It was nearly 20 years ago that Will Turpin first met Tod Elmore.
Back then, Elmore was part of the promotions team at Atlantic Records, the label that Turpin and his bandmates in Collective Soul called home.
Now, Elmore is a board member for Florida-based organization Rock By the Sea, which uses music and events to raise money for worthwhile causes.
Turpin believed in the cause that Saturday’s show at Vinyl at Center Stage will benefit – pediatric and cancer research and treatment for the Pediatric Brain Tumor Program at Orlando Health Arnold Palmer Hospital – and agreed to perform with his newly formed band, The Way (as in, where there’s a Will there’s a …) and singer Amy Gerhartz.
“When it comes to pediatric whatever – whether it’s cancer research or even Collective Soul did a lot of work with pediatric AIDS organizations back in the day – that’s where I like to spend my time,” Turpin said earlier this week, calling from his home in McDonough.
At Saturday’s show, Turpin plans to play a handful of Collective Soul songs, solo material from last year’s EP, “The Lighthouse,” new music from the next record he’s working on with The Way and, of course, some Christmas tunes.
The bassist also recorded a song for the third volume of “A Rock By the Sea Christmas,” released in October, which features holiday offerings from other artists including Michael Lyons, Saints of Valory and Todd Carey.
Turpin’s decision to contribute a funk-i-fied version of “What Child is This” came about in a haphazard manner.
“I always liked the harmonic structure of that tune,” he said. “But when I committed to contribute to the album, I didn’t know what song I’d do. I did a show last December at a cool little café and did almost all Christmas tunes. Then I got off the road and had a week and sat down one afternoon and was waiting for inspiration and seriously, I don’t know how it came to me. I think I was messing around on a Yamaha keyboard and got off on a tangent and wound up playing [‘What Child’] like it was a Cee Lo version.”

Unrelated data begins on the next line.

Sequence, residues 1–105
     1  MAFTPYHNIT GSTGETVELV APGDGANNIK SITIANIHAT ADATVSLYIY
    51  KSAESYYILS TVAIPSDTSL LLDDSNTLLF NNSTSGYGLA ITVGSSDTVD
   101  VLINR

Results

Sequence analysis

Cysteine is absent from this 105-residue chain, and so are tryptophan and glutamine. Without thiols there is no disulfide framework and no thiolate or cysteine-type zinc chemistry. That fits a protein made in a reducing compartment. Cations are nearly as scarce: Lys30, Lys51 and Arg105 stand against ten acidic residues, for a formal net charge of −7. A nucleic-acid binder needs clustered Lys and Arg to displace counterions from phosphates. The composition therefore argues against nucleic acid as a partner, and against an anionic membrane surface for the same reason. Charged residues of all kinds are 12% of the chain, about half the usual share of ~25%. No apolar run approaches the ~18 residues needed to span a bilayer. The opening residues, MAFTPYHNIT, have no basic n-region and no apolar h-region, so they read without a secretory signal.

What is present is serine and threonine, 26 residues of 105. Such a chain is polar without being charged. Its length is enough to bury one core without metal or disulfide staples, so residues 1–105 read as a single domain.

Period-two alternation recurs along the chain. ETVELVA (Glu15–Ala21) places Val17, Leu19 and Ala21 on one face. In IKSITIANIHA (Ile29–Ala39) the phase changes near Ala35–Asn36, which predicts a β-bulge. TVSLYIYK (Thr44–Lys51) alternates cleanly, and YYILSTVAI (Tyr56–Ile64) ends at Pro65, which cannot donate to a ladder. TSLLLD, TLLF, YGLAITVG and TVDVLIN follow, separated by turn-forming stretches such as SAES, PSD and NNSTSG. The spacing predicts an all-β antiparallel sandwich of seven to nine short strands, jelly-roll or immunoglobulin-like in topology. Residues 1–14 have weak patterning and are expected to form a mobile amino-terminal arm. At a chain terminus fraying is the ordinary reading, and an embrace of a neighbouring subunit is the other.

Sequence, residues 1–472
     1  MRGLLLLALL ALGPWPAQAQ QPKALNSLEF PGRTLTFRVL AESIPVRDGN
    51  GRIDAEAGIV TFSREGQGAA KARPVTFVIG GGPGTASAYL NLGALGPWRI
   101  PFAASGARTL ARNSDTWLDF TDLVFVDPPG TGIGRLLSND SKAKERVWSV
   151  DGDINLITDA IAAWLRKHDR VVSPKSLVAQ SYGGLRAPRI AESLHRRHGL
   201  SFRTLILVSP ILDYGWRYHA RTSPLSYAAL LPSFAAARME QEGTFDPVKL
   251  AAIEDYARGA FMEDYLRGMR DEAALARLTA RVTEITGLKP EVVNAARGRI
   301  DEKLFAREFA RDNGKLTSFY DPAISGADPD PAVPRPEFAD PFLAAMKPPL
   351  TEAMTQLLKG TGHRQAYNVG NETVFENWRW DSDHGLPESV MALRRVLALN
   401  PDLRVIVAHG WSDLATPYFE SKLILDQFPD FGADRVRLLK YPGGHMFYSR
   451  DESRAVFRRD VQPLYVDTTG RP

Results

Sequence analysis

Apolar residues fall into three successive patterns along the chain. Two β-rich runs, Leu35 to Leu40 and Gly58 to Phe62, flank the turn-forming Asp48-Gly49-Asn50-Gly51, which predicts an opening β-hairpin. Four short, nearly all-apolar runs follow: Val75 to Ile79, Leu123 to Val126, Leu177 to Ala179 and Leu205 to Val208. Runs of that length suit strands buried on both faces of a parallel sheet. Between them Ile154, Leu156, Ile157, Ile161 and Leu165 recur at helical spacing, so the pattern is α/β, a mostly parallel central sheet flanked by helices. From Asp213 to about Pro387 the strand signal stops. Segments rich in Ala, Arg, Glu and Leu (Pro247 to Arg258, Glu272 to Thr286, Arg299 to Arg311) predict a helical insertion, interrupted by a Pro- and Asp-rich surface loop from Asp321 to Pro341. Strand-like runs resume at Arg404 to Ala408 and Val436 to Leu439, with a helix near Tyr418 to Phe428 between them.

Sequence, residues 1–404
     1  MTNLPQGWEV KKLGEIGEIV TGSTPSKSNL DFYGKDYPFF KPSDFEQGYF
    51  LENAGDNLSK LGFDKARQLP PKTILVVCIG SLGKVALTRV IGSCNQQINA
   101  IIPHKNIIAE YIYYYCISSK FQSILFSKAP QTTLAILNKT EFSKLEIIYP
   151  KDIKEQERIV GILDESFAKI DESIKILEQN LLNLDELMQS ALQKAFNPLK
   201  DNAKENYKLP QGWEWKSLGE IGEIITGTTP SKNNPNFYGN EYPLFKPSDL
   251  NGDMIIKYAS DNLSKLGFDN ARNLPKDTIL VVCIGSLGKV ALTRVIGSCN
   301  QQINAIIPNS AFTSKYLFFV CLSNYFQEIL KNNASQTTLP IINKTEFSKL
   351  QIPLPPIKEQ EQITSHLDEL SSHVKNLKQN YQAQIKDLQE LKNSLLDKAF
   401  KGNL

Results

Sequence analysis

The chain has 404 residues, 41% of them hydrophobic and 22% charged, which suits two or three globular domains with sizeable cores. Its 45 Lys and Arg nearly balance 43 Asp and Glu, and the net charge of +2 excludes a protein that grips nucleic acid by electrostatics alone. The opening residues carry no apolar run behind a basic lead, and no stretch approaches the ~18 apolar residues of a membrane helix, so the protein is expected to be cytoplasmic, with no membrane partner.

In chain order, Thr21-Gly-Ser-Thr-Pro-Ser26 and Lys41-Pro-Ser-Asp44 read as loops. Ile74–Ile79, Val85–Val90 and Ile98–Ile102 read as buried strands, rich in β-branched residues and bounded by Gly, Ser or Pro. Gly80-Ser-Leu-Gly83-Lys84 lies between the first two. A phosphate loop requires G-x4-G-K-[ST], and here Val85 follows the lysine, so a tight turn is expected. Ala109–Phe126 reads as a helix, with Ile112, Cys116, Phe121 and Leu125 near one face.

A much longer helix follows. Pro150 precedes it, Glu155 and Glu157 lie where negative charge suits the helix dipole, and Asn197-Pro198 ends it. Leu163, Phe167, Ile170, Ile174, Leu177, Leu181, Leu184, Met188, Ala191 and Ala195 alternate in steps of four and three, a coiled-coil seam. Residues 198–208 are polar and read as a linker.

Turpin is a massive fan of Christmas music in general and noted that hearing songs at First Baptist Church of Stockbridge, where Ed and Dean Roland’s father was choir director, provided him with a deeper level of appreciation for the reverent songs.
He’d also like to do a full Christmas album one day but first comes his new album with The Way, which he expects to release in April (he calls the songs “a cross-section of pop, rock and trippy psychedelic stuff”) and a commitment to work on a Collective Soul anniversary project.
“We’re doing a huge box set to celebrate 20 years and doing a new record at the same time,” he said. “We’re going to look back but go out and kick a** one more time. We’ll put a stamp on it at 20 years and then we’ll see. I just know that I won’t ever stop playing some Collective Soul songs.”
By Melissa Ruggieri, Atlanta Music Scene